And other ages, stages, plus diaper care and more!
Continued from Everything You ever Wanted To Know About Cloth Diapering.
There are only two things that you really have to consider when using cloth with newborn babies. The first is size. As we all know, newborns are tiny little bundles of cute. Though one-size diapers often say that they will fit a newborn, this may not be true depending on how big or how small the baby is at birth. It is usually best to go ahead and get newborn sized diapers, unless the baby is about ten pounds.
Another consideration is the breastfed baby. If you, or the Momma-to-Be intends to breastfeed, it’s best to go with diapers that have good elastic banding at the legs because breastfed newborns can often poop a bit more than formula fed babies. When utilized properly, you will find, however, that cloth protects from blow outs much better than disposables.
From there, as baby grows, it’s the same concept as with disposables and sizing will depend on the style of cloth diapers you choose.
The Fish is wearing a Swaddlebees fitted, they’re now known as Blueberry– and are insanely cute.
All In Ones, or AIO: An all in one diaper is just what it says it is. It’s a diaper that has the diaper and cover already together. If you want a cloth diaper that is the most like disposables- these are the ones you should look for.
Pockets: Pocket diapers are diapers are diapers that have an opening where you will put an insert, or even a flat or pre-fold diaper. Assembled ahead of time, these are a convenient, easy to use option and are perfect for heavy wetters or night time diapering due to the customizable nature of the diaper.
Fitteds: Fitted diapers are usually cotton, save for elastic at the legs. They do look a bit more like disposable diapers, but will require covers. When used with a good cover, fitted diapers are perfect for avoiding blow outs and maximum leak prevention.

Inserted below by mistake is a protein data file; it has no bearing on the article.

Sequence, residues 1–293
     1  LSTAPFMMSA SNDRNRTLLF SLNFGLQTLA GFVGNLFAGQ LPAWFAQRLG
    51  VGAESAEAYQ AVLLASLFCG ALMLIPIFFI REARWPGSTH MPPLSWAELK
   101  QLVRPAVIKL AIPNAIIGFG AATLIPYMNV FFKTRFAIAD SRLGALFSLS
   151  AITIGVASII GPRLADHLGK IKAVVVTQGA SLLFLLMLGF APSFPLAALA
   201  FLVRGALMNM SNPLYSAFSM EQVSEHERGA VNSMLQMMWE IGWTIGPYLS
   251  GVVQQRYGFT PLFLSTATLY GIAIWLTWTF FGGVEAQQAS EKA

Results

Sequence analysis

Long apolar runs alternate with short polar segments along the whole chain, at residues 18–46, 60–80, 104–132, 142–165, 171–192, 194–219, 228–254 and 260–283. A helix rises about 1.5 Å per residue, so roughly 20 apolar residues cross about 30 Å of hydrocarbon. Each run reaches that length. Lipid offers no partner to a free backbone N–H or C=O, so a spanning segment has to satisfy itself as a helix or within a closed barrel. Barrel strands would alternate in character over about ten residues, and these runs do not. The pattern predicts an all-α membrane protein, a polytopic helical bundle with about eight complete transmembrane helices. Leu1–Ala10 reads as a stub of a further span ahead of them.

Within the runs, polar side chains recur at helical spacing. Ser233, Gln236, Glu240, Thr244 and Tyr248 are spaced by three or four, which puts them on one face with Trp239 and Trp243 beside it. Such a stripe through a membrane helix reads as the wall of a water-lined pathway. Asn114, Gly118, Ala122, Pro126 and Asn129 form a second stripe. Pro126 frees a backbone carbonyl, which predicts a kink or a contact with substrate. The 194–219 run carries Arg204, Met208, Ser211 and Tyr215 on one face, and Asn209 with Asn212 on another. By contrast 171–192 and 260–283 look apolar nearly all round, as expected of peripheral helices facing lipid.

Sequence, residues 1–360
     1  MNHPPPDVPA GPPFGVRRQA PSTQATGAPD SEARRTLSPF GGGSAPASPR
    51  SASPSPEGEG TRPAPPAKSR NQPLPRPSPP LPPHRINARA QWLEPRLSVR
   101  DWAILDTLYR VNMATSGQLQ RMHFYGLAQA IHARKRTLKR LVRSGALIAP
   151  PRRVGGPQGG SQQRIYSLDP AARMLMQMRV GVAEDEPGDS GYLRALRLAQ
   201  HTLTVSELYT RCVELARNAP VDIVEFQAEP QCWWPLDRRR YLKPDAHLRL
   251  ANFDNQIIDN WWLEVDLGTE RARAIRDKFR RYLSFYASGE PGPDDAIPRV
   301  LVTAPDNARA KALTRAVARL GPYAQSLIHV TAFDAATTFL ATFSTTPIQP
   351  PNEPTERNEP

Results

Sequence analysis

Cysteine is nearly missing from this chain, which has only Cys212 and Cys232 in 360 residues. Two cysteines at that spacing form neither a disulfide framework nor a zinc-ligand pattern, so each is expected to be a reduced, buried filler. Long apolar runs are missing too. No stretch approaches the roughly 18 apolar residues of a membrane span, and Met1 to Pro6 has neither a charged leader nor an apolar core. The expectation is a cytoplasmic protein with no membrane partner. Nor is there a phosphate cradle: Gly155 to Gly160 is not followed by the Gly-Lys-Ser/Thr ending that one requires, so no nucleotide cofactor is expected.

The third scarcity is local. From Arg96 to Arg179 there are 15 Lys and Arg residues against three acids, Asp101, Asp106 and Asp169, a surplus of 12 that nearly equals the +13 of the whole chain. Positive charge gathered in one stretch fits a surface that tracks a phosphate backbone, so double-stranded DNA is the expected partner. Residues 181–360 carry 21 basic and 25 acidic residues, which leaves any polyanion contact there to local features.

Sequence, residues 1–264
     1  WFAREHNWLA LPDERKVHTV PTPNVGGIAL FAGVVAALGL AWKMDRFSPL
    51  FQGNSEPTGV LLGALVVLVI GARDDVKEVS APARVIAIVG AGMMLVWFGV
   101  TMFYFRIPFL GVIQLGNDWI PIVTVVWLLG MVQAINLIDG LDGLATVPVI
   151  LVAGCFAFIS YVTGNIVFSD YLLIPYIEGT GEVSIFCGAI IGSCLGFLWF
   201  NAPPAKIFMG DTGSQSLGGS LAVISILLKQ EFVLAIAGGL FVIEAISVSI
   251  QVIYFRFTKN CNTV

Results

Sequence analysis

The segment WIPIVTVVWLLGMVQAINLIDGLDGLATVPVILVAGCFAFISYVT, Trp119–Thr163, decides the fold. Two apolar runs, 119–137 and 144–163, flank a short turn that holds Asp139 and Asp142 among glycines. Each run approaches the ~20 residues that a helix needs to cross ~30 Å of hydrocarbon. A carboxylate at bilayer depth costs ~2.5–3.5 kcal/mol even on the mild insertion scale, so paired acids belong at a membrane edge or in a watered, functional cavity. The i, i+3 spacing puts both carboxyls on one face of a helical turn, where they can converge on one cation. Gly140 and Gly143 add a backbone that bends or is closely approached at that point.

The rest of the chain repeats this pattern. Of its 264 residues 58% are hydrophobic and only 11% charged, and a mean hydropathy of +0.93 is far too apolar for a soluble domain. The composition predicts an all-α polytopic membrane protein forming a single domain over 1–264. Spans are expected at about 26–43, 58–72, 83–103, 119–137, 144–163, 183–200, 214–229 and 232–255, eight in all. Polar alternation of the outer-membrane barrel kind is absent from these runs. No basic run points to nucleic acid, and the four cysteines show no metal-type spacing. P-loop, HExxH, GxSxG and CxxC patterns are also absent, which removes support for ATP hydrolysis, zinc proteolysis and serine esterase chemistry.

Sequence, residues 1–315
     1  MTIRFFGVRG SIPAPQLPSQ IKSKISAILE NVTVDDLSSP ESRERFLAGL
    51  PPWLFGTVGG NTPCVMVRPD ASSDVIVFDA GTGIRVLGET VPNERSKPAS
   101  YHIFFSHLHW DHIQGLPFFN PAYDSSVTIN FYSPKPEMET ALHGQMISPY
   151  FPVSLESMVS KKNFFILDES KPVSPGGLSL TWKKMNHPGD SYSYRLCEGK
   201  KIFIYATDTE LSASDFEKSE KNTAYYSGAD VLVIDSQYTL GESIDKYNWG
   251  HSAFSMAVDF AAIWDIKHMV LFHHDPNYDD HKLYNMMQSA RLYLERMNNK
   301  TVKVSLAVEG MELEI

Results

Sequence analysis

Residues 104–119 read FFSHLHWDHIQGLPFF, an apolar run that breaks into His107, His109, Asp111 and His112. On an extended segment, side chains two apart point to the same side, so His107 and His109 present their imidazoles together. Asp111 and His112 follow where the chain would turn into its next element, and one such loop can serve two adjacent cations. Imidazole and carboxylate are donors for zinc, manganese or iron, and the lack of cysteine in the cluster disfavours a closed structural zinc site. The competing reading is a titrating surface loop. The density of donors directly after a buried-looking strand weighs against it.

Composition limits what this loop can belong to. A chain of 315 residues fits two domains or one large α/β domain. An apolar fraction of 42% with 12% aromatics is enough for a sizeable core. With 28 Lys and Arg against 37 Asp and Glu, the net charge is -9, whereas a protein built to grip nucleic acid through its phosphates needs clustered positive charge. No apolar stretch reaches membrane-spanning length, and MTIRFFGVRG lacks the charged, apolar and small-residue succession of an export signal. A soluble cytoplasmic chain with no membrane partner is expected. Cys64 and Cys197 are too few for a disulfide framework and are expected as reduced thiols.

Pre-Folds: Pre-folds with covers are usually the least expensive option in cloth diapering. A good starter pack for a pre-fold system is 24 diapers and 8 covers. They are the fluffy cotton diapers that have been already folded, then sewn into place.
Flats: Though very common, these are not the easiest to use. They are great to have on hand to use as doublers and liners, or even just general purpose.
This will depend on the style and type of diaper you choose. Many people have differing opinions on what you should do prior to using cloth diapers. Pre-washing is a good idea for any cloth diapers, but technically speaking pocket diapers and AIOs can be worn right out of the box.
Pre-washing of any cloth diapers can shrink them. This is something most manufacturers allow for when sizing, and because of this they may be cut to that after-pre-wash size. Hemp or cotton pre-folds tend to come feeling stiff or flat. If that is the case, they have been “fabric sized” and you do want to wash them prior to use. This will also help you to “fluff” them, which will result in a much more absorbent cloth diaper, softer to the touch for baby’s sensitive skin. Many cotton fabrics come in bleached or unbleached options. When you do purchase unbleached, be that hemp or cotton, they may still have a layer of natural, waxy oils on the top. You will want to pre-wash and dry them multiple times to strip that away so they are more absorbent- anywhere from 3-5 wash and dry cycles. After these initial cycles, you should not really need to do anything more to the diapers to keep them functioning well, unless there’s a build up issue.